Friday, August 23, 2013

Guatemala #4 Looking One Family in the Eye


538 words, reading time 2.5 minutes.  Appreciating time a little longer

 Today Semilla Nueva is in Comunidad Andres Giron on the Pacific Coast of Guatemala for another community meal meant to improve nutrition by demonstrating new recipes with more protein, vitamins and minerals.  For me—and for you—however, it’s a chance to meet an extended Guatemalan family and see a little of who they are and how they live.  The food SN is promoting—higher protein corn, a spinach-like vegetable called chaya and pigeonpeas or gangul—will be covered more fully in a later post. 

We’re in the home Gabino and Gloria Geronimo which consists of three rooms under corrugated tin roofing plus several large plastic tarps covering part of a compound which is home to the usual free-range residents:  chickens, ducks, turkeys, puppies, cats and pigs.  Gabino calls himself “Father Abraham” but how many kids did Abraham have, anyway?  (And does he expect an angel to come and put Gloria through it all again?)

 
 
 
 
Gabino and Gloria have 13 children, eight boys and five girls, seven of them married and several living nearby.   One large bedroom accommodates 11 adults in queen beds but probably serves many more as children double or quadruple up.  There’s another double bed in the kitchen.  No wonder there’s a big crowd before any neighbors arrive. 


Preparation of the food begins.  Here, high protein corn is mixed with pigeonpeas and wrapped in banana leaves.

This is not a well-to-do family unless you count smiles as currency.  There is a welcome and comfort about the place that puts at ease my habit for analysis.  Gabino is full of himself during in two talks over the afternoon in which he pushes protein-rich food and Semilla Nueva. Gloria slices corn from the cob with a machete as the first among many preparing the meal.  I am introduced to several daughters-in-law but lose track before long.  The crowd grows as children return from school.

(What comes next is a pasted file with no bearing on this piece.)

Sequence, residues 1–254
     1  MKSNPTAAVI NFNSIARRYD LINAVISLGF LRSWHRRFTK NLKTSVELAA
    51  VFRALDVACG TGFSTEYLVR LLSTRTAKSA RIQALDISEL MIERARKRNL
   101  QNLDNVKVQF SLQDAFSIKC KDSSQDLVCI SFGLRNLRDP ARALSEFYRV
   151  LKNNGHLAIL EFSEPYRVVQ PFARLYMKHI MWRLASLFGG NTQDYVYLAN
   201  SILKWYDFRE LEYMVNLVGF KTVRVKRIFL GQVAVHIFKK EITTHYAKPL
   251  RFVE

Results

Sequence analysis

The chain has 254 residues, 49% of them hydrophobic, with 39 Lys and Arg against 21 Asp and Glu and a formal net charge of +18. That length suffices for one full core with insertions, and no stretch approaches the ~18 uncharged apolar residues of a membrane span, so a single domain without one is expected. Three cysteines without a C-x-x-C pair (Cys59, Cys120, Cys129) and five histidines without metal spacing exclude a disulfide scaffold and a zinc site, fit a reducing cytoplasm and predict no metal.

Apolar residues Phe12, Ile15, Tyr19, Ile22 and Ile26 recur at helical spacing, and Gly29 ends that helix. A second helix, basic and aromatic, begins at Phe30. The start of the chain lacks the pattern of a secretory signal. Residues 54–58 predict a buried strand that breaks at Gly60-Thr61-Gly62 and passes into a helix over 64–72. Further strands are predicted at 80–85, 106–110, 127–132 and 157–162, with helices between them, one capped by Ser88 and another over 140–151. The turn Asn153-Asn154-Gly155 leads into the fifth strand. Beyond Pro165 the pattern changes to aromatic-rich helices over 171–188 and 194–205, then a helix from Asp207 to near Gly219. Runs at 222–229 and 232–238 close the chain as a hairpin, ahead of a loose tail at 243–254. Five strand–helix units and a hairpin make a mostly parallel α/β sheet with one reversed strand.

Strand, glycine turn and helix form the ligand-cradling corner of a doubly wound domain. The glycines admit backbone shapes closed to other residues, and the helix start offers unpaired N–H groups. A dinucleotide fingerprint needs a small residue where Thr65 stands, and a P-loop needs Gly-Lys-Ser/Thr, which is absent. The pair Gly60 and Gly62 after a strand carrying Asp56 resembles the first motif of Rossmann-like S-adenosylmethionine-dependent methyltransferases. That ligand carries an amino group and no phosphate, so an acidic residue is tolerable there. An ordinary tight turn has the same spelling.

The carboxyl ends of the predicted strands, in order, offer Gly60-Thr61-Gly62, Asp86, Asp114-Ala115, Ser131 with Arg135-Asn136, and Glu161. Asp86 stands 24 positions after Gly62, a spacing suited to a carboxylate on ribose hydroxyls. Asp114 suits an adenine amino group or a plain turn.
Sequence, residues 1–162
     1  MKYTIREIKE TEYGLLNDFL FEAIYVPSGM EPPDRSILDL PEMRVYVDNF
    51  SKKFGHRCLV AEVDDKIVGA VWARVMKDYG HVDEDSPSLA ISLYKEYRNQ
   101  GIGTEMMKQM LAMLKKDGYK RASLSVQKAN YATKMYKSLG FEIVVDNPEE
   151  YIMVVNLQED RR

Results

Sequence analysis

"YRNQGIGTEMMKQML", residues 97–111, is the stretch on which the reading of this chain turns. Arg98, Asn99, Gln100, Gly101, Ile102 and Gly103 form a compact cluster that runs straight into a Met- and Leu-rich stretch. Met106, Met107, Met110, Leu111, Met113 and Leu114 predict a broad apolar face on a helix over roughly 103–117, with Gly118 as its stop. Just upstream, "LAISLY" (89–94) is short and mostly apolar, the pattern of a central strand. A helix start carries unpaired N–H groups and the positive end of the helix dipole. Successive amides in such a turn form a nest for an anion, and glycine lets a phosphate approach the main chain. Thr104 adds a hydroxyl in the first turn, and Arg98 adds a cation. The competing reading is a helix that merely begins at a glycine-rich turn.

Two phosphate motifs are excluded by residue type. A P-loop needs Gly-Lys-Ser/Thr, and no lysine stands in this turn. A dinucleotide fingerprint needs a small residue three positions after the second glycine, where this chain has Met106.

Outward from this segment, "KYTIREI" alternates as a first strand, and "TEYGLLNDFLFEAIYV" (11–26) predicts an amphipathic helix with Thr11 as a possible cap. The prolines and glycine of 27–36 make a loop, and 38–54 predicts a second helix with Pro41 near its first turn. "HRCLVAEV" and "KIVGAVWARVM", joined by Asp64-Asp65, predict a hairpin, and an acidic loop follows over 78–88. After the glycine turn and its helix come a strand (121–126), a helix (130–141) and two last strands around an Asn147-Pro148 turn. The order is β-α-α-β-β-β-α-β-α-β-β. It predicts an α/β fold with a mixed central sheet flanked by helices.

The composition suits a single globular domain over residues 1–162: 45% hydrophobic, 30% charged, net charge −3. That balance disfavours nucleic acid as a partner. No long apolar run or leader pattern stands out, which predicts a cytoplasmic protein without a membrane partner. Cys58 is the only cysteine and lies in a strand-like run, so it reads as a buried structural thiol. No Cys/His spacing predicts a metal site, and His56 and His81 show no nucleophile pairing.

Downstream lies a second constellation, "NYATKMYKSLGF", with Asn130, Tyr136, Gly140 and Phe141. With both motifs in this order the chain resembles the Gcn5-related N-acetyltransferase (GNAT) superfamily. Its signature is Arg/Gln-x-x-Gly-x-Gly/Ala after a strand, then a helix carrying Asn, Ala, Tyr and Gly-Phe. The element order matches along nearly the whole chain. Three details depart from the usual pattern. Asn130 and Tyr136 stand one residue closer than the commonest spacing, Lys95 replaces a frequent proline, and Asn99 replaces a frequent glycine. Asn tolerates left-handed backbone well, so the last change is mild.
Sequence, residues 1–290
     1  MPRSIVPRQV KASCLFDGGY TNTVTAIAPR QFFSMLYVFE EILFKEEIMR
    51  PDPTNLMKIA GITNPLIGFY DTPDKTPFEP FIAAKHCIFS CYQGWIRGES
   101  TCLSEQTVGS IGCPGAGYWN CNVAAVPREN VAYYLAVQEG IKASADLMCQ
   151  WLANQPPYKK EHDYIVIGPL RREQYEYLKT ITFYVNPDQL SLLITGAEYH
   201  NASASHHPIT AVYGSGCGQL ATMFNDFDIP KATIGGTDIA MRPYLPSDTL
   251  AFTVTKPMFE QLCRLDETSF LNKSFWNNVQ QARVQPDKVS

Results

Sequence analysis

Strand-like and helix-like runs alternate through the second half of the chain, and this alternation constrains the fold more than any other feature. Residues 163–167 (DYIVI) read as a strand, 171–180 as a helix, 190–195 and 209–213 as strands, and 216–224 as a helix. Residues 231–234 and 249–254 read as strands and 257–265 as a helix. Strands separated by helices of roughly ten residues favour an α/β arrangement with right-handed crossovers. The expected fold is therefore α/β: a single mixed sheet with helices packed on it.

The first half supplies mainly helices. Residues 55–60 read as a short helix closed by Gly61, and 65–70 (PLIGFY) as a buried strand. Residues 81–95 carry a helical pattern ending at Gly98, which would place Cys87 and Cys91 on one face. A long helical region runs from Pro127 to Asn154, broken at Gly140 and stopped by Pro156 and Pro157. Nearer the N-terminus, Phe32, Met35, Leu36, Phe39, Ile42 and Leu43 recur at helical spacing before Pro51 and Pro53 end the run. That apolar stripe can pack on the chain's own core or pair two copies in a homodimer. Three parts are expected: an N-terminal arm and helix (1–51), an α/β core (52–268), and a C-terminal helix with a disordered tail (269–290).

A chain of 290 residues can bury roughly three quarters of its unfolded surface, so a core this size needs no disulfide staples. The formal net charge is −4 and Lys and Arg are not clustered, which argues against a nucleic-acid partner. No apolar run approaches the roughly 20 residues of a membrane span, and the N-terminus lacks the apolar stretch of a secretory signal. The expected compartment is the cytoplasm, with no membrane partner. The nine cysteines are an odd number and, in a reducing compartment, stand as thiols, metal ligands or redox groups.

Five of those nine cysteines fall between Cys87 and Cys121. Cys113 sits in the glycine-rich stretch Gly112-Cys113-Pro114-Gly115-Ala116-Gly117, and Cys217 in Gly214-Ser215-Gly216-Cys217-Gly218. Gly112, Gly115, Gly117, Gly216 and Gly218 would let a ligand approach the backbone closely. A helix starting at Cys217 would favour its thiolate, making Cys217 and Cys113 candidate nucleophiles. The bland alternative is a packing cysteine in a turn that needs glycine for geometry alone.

These kids read the recipes from Semilla Nueva's cookbook for me...great readers!

 
Above, the Semilla Nueva cookbook of meals with high nutritional value.  Guatemala has one of the highest concentrations of malnourished children n the world.

 
This young man has a friendly parrot which was passed into many hands.

 

The meal consists of a huge vat of a hot, thick drink called Acol de Elote which is made from the young, sweet corn with which Americans are most familiar (elote), and corn and pigeonpea wrapped in banana leaves.  The protein content of this meal will be considerably higher than the typical Guatemalan version because pigeonpeas or gangul are a principal ingredient.
 

But this is a bit academic compared to the experience of simply being here. 

I am a poor guide to Mayan families so let me continue to introduce you to the family and their guests simply, through pictures:



 

 



 
 

 
 
One of the sons, seen above in close-up, and below as he goes off to the fields with a pesticide spray pump on his back.  It's dangerous to his health but lots of young men do it.




After a while some women and girls begin to braid each other/s here, Julia being the girl in blue.

As I prepare to leave, Gabino wants to know if I am Catholic.  I answer yes, which seems to please him.  He fetches a picture of his family with  Fr. Andres Giron, Giron being an Orthodox Catholic priest still working elsewhere in Guatemala after whom the community is named. 

I’m told there is some conflict in the community between Catholic and Evangelical Christians, who seem to have donated the community water pump next door given by a church in Christ’s name. 


Guatemala is a “Catholic country” but from everything I can see, the religious initiative seems to come with the evangelicals.  Someone  counted 22 evangelical churches in Santiago Atitlan (which we will visit soon), and its not a large place.  The same seemed true in Korea.

 Communities typically have 400 families.  The Geronimo family must throw the Catholic-Evangelical balance off all by itself, a throw-back to old-time Catholicism.  In that spirit I ask, which one of the children should we wish had not been born?  And as for climate, I alone, no doubt, account for more carbon emissions than this entire family.
 
Everyone drinks from the same well.  No one checks the religion of those who have come today.   

Another good day in Guatemala. 

 

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